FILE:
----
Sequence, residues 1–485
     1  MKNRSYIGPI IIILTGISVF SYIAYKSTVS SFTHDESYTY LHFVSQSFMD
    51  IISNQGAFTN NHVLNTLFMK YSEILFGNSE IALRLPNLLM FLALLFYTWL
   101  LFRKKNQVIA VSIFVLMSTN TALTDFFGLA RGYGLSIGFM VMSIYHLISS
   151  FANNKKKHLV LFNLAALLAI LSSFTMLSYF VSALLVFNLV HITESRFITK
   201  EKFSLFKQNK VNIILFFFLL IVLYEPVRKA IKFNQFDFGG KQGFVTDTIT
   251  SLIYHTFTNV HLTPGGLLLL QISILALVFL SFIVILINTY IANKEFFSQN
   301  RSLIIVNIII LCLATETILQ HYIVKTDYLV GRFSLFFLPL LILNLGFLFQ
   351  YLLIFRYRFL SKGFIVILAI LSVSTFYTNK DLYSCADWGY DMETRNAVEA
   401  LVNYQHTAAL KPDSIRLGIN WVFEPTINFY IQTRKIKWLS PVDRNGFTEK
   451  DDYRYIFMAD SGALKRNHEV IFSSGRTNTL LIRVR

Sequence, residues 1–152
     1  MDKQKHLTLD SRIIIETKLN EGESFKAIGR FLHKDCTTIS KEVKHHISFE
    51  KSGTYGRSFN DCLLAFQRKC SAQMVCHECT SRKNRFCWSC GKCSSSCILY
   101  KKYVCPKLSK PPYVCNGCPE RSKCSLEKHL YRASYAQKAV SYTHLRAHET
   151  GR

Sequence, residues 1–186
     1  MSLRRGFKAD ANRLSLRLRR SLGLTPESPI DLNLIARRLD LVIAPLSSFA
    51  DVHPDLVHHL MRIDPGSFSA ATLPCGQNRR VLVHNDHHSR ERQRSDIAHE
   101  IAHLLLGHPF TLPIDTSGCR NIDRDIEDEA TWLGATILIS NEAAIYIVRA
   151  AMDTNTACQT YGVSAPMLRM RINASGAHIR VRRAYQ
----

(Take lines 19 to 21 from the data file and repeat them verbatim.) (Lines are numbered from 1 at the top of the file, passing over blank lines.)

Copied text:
    51  DVHPDLVHHL MRIDPGSFSA ATLPCGQNRR VLVHNDHHSR ERQRSDIAHE
   101  IAHLLLGHPF TLPIDTSGCR NIDRDIEDEA TWLGATILIS NEAAIYIVRA
   151  AMDTNTACQT YGVSAPMLRM RINASGAHIR VRRAYQ